Recently I posted about the Chilean school admission exams.

I’ll be honest, in my opinion the system here sucks. For the most part, it puts unnecessary pressure on parents and children. For many institutions it’s little more than the abuse of an archaic system; it’s taking advantage of desperate parents for financial gain.

Steve Jobs’ job application form was littered with mistakes and he was one of one of the top tech visionaries of all time. But I bet he’d have failed a Chilean school entrance exam.

No automatic alt text available.

I understand that schools need to be aware of where a child stands in terms of their level of maturity, they need to know if the child has any special needs in order to accommodate them properly and they also need to check their level of English and Spanish comprehension. It’s essential for parents to understand the school’s ideology to ensure that it will fit with their system of values.

But charging excessive fees, demanding that both parents take time off work for multiple rounds of interviews is too much, in my opinion.

Points based exams recognize conformity to a system. It rewards thinking inside the box. This is exactly the mentality we, as parents, want to avoid.

If you’ve read The Little Prince you’ll remember the part he draws a squiggle which he claims is an elephant. Like Steve Jobs, the Little Prince would no doubt fail his admission exam. But if we were his parents we’d be overjoyed with his sense of creativity (the squiggle was an elephant inside a snake…)

Little-Prince-Elephant-inside-boa1

I showed my masterpiece to the grown-ups and asked them if my drawing frightened them. They answered: “Why should anyone be frightened by a hat?” My drawing did not represent a hat. It was supposed to be a boa constrictor digesting an elephant.

Little-Prince-Elephant-inside-boa2

As expat parents we figured that if we didn’t find the right school for our child, we’d move. Simple as. For other parents without this luxury of mobility it’s a whole lot more stressful. It’s horrible to see parents putting pressure on their kids.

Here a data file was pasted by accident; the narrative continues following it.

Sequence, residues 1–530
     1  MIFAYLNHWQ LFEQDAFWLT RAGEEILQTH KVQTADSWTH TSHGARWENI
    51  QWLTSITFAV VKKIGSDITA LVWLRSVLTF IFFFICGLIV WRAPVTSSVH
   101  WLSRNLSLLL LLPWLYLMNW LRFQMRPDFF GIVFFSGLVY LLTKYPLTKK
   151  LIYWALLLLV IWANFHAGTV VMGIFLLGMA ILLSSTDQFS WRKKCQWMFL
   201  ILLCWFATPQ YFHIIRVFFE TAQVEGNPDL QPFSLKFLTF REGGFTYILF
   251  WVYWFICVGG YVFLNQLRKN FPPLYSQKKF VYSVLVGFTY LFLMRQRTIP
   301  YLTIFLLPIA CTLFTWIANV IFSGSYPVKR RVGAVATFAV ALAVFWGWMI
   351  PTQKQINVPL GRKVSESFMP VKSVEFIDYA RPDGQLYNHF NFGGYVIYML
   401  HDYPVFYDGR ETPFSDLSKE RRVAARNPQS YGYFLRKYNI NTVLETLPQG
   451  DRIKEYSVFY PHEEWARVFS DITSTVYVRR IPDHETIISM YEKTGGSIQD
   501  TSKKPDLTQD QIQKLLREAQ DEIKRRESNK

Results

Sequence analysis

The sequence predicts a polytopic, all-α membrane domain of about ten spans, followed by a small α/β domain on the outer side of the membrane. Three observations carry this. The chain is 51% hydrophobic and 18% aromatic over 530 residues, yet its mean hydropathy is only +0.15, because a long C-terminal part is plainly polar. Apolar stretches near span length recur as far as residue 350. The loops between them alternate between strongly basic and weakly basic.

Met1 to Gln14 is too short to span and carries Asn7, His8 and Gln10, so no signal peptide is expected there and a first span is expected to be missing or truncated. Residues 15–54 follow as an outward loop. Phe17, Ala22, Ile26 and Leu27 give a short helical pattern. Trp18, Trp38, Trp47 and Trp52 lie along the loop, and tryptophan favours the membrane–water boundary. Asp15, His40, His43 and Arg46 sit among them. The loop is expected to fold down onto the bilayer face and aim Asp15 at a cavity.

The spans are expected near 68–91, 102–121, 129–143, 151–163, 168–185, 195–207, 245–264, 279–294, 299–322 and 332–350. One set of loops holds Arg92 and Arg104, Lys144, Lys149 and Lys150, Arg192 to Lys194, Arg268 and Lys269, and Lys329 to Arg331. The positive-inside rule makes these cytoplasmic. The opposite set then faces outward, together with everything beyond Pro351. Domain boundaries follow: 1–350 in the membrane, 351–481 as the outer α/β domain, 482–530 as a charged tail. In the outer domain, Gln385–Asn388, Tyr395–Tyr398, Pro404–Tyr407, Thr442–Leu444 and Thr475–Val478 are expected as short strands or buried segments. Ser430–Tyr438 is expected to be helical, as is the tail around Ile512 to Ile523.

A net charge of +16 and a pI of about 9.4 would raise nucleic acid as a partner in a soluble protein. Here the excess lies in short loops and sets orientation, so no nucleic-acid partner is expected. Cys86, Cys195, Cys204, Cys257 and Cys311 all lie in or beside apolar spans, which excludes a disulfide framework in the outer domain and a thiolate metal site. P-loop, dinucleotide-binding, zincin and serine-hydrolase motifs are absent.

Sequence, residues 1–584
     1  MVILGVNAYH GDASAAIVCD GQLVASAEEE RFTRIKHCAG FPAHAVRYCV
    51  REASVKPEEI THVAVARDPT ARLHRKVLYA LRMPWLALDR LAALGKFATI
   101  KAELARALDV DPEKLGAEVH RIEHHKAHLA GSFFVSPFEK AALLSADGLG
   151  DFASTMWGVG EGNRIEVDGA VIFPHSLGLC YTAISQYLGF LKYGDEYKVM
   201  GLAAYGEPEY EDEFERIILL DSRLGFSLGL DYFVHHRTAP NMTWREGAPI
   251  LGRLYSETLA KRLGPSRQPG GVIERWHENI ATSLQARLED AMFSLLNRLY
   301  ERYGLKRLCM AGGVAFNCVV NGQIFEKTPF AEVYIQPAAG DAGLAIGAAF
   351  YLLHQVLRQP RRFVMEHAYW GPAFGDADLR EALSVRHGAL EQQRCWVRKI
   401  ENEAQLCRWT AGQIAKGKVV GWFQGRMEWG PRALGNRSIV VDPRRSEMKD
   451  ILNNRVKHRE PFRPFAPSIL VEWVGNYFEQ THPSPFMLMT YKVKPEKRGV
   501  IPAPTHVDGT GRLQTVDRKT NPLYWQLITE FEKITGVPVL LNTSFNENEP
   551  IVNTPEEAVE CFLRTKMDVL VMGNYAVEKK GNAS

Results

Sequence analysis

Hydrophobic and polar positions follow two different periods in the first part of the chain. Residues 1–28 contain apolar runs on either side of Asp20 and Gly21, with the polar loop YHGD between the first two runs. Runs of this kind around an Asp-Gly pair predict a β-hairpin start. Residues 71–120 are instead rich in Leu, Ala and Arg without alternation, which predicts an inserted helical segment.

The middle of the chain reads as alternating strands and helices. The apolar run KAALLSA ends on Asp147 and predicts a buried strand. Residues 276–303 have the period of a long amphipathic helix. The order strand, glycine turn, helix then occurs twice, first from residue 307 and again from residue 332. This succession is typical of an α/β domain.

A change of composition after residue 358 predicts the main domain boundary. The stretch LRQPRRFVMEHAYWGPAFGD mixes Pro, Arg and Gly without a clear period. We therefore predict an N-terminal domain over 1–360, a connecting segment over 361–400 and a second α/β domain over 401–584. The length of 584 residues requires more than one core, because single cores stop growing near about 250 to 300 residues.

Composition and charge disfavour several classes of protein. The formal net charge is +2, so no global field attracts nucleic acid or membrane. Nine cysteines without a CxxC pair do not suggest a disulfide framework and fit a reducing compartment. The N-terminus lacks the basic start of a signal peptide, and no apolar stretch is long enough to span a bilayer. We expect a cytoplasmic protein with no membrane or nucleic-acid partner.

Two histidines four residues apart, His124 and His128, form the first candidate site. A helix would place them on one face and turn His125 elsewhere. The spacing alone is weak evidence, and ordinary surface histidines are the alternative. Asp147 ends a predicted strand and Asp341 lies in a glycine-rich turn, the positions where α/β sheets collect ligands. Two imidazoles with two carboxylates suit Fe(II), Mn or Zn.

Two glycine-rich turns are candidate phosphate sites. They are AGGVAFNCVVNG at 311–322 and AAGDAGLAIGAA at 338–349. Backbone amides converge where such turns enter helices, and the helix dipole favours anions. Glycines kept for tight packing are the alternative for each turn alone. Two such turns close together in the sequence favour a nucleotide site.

As a mum, I appreciate I’m biased. In my view my kids are the most awesome creatures in the universe. But surely even a third party can see that rejecting my four year old for a school is a little silly.

While we were delighted that our child was accepted to our top choices of school, I thought to share the results from one exam which my son ‘failed’. I won’t publish the name of the supposedly international school in question, but wanted to post the results here in case other parents have received similar feedback.

Fine motor skills 4/4

General motor skills 2/3

Spoken language 2.5/8

Language comprehension 4/8

Mathematical skills 3.5/4.5

Emotional maturity 8.5/10

Now the hilarious thing is that the above was sent from an ‘international’ school. Despite clarifying that my child had only been in Chile a few months and his native tongue was English, it seems the exam wasn’t in English. Or rather they claim it was, but I’d give a million bucks to anyone who could decipher the teacher’s accent.

‘Mummy, she didn’t speak like you’, said my kid to me on the way home, ‘she spoke… wrong’. 

Check my kids’ results and you’ll see that he didn’t have a frigging clue what the teacher was talking about.

I wondered whether to point this out to the school, but I figured it would look like a desperate effort from a desperate mum. And besides, we didn’t feel that this school was a good fit for our child anyway.

But I wanted to share this with you parents so you don’t take any ‘rejection’ personally either.

Maybe your child was having a rough day. Maybe they didn’t sleep well. Or more likely, maybe the exam sucked in the first place and you should ignore that place altogether.

Don’t take it personally fellow mums. One day when your child is running the next Apple Macintosh you’ll be grateful they ‘failed’.

 

 

Leave a Reply

This site uses Akismet to reduce spam. Learn how your comment data is processed.